West Bengal

Driven to despair

Print edition : June 27, 2014

On the Vidyasagar Setu in Kolkata. Photo: RUPAK DE CHOWDHURI/REUTERS

Outside Hindustan Motors' plant at Uttarpara near Kolkata, employees protest against the decision to stop production of the Ambassador car. Photo: RUPAK DE CHOWDHURI/REUTERS

A PALL of uncertainty looms over the future of the iconic Ambassador car and the 2,600 workers involved in its production at Hindustan Motors after the company suspended production at its factory in Uttarpara in West Bengal on May 24.

The company, which is a part of the C.K. Birla Group, has been ailing for a long time. Toiling under acute shortage of funds and dwindling demand for the car, the Uttarpara plant’s accumulated liability stood at Rs.94 crore. According to the work suspension notice, the unit incurred cash losses of around Rs.7 crore every month, and was able to recover less than 20 per cent of the monthly fixed cost. The company has not paid the employees of the plant for the past six months.

“We got last November’s salary only in March this year. All of us here are at our wit’s end now. We have children who have cleared the Board exams this year, but cannot get into any school because we cannot pay the admission fees,” a worker of the plant told Frontline.

Their plight is further worsened by the reaction of the local people. “The shops from where we have been buying things for more than one generation have stopped giving us credit because they fear we will not be able to repay them. Those of us who live in rented places are being forced by landlords to vacate their premises. This is just the beginning of our problems. We do not see any sign of the State government trying to intervene on our behalf. Do not be surprised if people start committing suicide,” said a long-time employee of the plant.

Industry experts feel this may well be the end of the road for the Ambassador, the car which has dominated the streets of Kolkata for more than 50 years. The Uttarpara plant, set up in 1942, is also one of the oldest automobile factories in Asia. The Ambassador, which was modelled on the British Morris Oxford series, hit the Indian streets in 1958 and remained the undisputed king of the road until the downward trend for the company began in the mid-1990s. By 2009, production of cars had dropped from 24,000 per year in the mid-1980s to just a little over 5,500. Many feel it was the Ambassador’s failure to keep up with the times and to accept technological obsolescence that finally led to its downfall.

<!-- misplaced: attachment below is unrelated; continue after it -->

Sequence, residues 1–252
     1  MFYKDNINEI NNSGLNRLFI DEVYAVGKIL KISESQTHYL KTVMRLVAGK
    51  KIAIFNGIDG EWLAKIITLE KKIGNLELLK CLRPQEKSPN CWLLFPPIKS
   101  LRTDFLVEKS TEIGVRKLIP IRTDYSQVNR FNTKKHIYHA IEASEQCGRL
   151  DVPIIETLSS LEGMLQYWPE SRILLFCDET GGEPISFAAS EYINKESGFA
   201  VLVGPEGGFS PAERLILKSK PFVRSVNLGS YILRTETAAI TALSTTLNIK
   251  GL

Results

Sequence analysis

Recently Hindustan Motors hived off its plant in Chennai for a reported Rs.150 crore, which, the company claimed, was used to pay off some of its accumulated liabilities. In February, the company was referred to the Board for Industrial and Financial Reconstruction (BIFR).

Suhrid Sankar Chattopadhyay

A letter from the Editor


Dear reader,

The COVID-19-induced lockdown and the absolute necessity for human beings to maintain a physical distance from one another in order to contain the pandemic has changed our lives in unimaginable ways. The print medium all over the world is no exception.

As the distribution of printed copies is unlikely to resume any time soon, Frontline will come to you only through the digital platform until the return of normality. The resources needed to keep up the good work that Frontline has been doing for the past 35 years and more are immense. It is a long journey indeed. Readers who have been part of this journey are our source of strength.

Subscribing to the online edition, I am confident, will make it mutually beneficial.

Sincerely,

R. Vijaya Sankar

Editor, Frontline

Support Quality Journalism
This article is closed for comments.
Please Email the Editor
×